A related immediate issue is the provision of resources to the AU to implement AMIS’ new concept of operations, which includes an increase in troops to up to 11,000. There is awareness of the AU’s frustration with the impasse and the need to encourage the AU to extend AMIS beyond December.

An emerging issue is thus whether alternative options to a December transition should be considered at this point.

Some are open to increasing UN assistance to AMIS through quiet diplomacy. Members are aware that recent signals from Khartoum may represent an opening to a solution to the standoff that needs to be explored. If taken seriously, this approach will raise important issues:

  • This unprecedented cooperation would require innovative approaches on command and control, management, communications and budget.
  • This approach would have to prove acceptable to Sudan, the AU and the Council, especially by balancing Khartoum’s concerns with an effective force that has strong African character and leadership. An additional issue is how acceptable-also from a financial standpoint-the placing of significant UN resources and staff under AU authority could be.
  • The approach would need to be acceptable to those members who have been most strongly advocating for the transition. (The agreement may be more easily forthcoming if it were presented as a step under resolution 1706, leaving open the possibility of transition at a later stage.)
  • Reopening and improving the peace process between Khartoum and the rebels with a stronger political role for the UN-while keeping a central role for the AU-may also need to be part of the package.

A complicating issue for some members is that public pressure has stepped up significantly and talk of possible sanctions as a backstop may become a feature of any eventual deal.

The resumption of peace talks and the Darfur-Darfur Dialogue and Consultation involves a number of subsidiary issues including the need for an acceptable framework for the talks, the distance between the parties’ positions, and the delicate balance with the power-sharing arrangements in the north-south Comprehensive Peace Agreement and not least finding effective and acceptable leadership for peace talks.

On the regional dimension, an emerging issue is how best to approach the spillover effects without upsetting the political balance in Chad. Members are aware of Chadian rebels’ opposition and the possible influx of refugees into Chad from Darfur should UN contingents be deployed.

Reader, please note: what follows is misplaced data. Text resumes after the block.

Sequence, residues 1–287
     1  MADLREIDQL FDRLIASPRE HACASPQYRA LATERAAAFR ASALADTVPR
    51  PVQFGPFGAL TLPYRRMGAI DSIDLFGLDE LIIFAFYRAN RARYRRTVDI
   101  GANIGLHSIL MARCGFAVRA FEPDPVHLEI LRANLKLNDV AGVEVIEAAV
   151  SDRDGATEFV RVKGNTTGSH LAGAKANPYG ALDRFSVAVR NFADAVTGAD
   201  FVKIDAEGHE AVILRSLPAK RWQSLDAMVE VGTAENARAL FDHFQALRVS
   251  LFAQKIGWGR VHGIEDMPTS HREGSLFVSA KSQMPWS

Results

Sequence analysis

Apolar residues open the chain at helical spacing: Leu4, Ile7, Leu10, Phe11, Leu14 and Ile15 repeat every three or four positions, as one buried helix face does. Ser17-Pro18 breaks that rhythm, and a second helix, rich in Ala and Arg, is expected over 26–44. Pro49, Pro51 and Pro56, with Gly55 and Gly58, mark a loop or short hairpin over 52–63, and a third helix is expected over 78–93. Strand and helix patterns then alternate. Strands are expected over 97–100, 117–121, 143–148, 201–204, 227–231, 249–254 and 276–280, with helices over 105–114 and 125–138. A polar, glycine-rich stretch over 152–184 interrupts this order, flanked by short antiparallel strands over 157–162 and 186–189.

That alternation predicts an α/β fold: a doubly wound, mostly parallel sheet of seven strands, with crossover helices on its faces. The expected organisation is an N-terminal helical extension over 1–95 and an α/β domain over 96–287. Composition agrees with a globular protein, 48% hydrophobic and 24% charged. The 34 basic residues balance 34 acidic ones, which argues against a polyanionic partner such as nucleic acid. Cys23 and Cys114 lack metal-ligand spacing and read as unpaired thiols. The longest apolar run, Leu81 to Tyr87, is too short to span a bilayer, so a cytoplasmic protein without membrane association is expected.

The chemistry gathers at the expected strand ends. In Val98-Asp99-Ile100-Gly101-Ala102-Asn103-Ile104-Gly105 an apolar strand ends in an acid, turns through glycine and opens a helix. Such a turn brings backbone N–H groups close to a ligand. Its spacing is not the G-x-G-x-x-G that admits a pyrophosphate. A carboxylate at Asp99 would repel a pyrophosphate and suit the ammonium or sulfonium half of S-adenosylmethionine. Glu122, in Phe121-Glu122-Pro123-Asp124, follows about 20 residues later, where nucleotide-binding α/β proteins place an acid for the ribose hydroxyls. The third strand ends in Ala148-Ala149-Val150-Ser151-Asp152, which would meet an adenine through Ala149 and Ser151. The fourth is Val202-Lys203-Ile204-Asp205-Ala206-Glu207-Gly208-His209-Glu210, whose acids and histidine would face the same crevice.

Council and Wider Dynamics
There seems to be some willingness to allow room for quiet diplomacy and for the results of the AU Peace and Security Council meeting in November before the next steps.

But some-especially the US-will continue to see a need for public pressure and sanctions. There also seems to be scepticism on the effectiveness of carrots.

Russia, China and Qatar are increasingly vocal about the possibility of UN assistance to AMIS as a real alternative to transition.

African members are concerned with the future of AMIS and of the AU’s role vis-à-vis Darfur, with some more vocal about the unacceptable nature of Khartoum’s opposition. There also seems to be concern about the relative sidelining of the AU in the current diplomatic efforts.

There is increasing support among Arab states for a real solution but based on a quieter approach, particularly the need to work on specific Sudanese concerns with resolution 1706 and on the undisputed parts of the resolution, such as UN assistance to AMIS, as initial, immediate steps.

There seems to be support within the Council for considering the Chad/CAR dimension more proactively. But there has been opposition to broader discussions on the internal situation in Chad, with preference for limiting to cross-border issues.

UN Documents

Selected Security Council Resolutions
  • S/RES/1714 (6 October 2006) extended UNMIS until 30 April 2007.
  • S/RES/1713 (29 September 2006) extended the mandate of the Panel of Experts until 29 September 2007.
  • S/RES/1706 (31 August 2006) set a mandate for UNMIS in Darfur.
  • S/RES/1590 (24 March 2005) established UNMIS.
 Selected Meeting Records
  • S/PV.5528 (18 September 2006) was the briefing by Jan Pronk, the Secretary-General’s Special Representative to Sudan.
  • S/PV.5519 (31 August 2006) was the adoption of resolution 1706.
 Selected Secretary-General’s Reports
  • S/2006/764 (26 September 2006) was the latest monthly report on Darfur.
  • S/2006/728 (12 September 2006) was the latest quarterly report on Sudan.
  • S/2006/662 (17 August 2006) was a report on children and armed conflict in the Sudan.
  • S/2006/591 (28 July 2006) and Add. 1 (28 August 2006) made recommendations for UNMIS’ mandate in Darfur and for UN assistance to AMIS. The report was complemented by an update, S/2006/645.
Latest Panel of Experts’ Report
Other
  • S/2006/789 (5 October 2006) was a letter from Sudanese President Omar Al-Bashir welcoming UN assistance to AMIS.
  • S/2006/779 (28 September 2006) was a letter from the Secretary-General to Sudanese President Al-Bashir detailing UN assistance to AMIS.

Historical Background

For the full historical background, please see our February, July and October Forecasts.

Other Relevant Facts

UNMIS: Special Representative of the Secretary-General and Head of Mission
 Jan Pronk (Netherlands)
 UNMIS: Size, Composition and Cost of Mission
  • Maximum authorised strength: up to 27,300 military and approximately 6,015 police personnel
  • Strength as of 30 September 2006: 10,284 total uniformed personnel, including 8,914 troops, 705 military observers and 665 police
  • Key troop contributors: Bangladesh, India and Pakistan
    Cost: 1 July 2006-30 June 2007 $1,126.30 million (does not include mandate in Darfur, estimated between $1.4-1.7 billion)
 UNMIS: Duration
 24 March 2005 to present, mandate expires 8 October 2006
 UNMIS: Fatalities
  • seven, including two military and five civilian staff
 Head of AMIS
 Ambassador Baba Gana Kingibe (Nigeria)
 AMIS: Size and Composition of Mission
  • Total authorised strength: about 10,000 military and 1,500 police personnel
  • Strength as of 1 September 2006: 5,703 military and 1,425 police personnel
  • Key troop contributors: Nigeria, Rwanda, Senegal and Gambia
 AMIS: Duration

 25 May 2004 to present, mandate expires 31 December 2006

Full forecast